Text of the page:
Why are the Boston Red Sox still paying Manny Ramirez?

Baltimore Orioles v Boston Red Sox
Baltimore Orioles v Boston Red Sox / Maddie Malhotra/Boston Red Sox/GettyImages

July 1 is known to some MLB fans as "Bobby Bonilla Day." To Boston Red Sox fans, the same day brings back memories of Manny Ramírez.

The New York Mets issue a payment of $1.19 million to Bonilla each year on the first of July, and they'll continue to do so until 2035. Bonilla was released by the Mets in 1999 and he hasn't played a big-league game since 2001, but the New York squad will pay Bonilla on July 1 for over another decade because the two parties agreed to defer his contract.

The Mets owed Bonilla just under $6 million at the time of his release, and he'll end up making triple that amount with the interest from his 35-year deferral payments. The Red Sox are in a similar boat with Ramírez but without the interest payments.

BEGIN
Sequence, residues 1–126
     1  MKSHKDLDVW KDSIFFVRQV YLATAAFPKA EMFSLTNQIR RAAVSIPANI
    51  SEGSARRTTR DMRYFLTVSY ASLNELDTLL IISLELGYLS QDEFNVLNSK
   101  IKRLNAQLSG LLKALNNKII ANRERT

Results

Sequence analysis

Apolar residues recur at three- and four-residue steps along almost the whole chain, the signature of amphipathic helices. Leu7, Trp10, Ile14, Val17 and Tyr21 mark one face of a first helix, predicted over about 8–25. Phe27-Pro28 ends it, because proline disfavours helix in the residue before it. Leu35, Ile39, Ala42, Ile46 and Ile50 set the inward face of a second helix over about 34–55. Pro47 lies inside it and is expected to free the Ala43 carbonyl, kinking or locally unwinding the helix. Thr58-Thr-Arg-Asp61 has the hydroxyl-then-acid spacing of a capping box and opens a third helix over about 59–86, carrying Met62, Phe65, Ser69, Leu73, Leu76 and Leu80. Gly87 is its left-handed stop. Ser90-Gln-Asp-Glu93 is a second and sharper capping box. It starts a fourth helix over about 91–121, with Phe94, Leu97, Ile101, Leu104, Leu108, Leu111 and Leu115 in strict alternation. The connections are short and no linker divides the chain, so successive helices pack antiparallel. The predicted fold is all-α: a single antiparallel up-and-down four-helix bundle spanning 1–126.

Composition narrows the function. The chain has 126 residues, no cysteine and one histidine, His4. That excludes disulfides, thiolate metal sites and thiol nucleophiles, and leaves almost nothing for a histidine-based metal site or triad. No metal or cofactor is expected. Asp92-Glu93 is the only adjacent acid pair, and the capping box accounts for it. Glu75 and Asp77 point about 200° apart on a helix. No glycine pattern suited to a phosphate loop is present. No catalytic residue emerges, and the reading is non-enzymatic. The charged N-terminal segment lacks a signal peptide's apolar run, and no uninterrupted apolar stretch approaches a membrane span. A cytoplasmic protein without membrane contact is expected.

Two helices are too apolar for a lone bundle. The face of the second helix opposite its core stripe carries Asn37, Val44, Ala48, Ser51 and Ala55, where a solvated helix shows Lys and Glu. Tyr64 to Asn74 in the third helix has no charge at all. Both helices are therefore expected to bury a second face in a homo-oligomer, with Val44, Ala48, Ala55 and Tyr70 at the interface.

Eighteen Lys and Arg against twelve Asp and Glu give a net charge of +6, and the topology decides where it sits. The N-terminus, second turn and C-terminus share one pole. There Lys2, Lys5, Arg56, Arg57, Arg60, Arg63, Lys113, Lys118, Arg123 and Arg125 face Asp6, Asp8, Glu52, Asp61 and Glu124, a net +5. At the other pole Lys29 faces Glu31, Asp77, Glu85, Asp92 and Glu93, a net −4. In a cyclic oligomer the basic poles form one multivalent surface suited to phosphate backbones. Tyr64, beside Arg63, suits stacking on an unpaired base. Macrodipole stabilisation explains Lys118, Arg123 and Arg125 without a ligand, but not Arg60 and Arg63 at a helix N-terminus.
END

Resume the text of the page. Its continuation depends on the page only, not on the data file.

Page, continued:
The Sox paid Ramírez $2 million on July 1 as part of deferred payments on the $160 million deal he signed with the organization in 2000. He'll receive two more July 1 payments until 2026, at which point Boston will have paid off the final $32 million of his contract.

Red Sox nearing the end of 16 years of deferred payments to Manny Ramírez

Bonilla's payments from the Mets include eight percent interest. The Red Sox do not have to pay any interest to Ramírez, who will have received $2 million over 16 years to total just the $32 million he was owed on his contract.

Ken Griffey Jr. received his final deferred payment of over $3.5 million from the Cincinnati Reds on July 1. Luckily for the Sox — particularly because ownership has changed its spending philosophy — they're nearing the end of their payments to the 12-time All-Star Ramírez.

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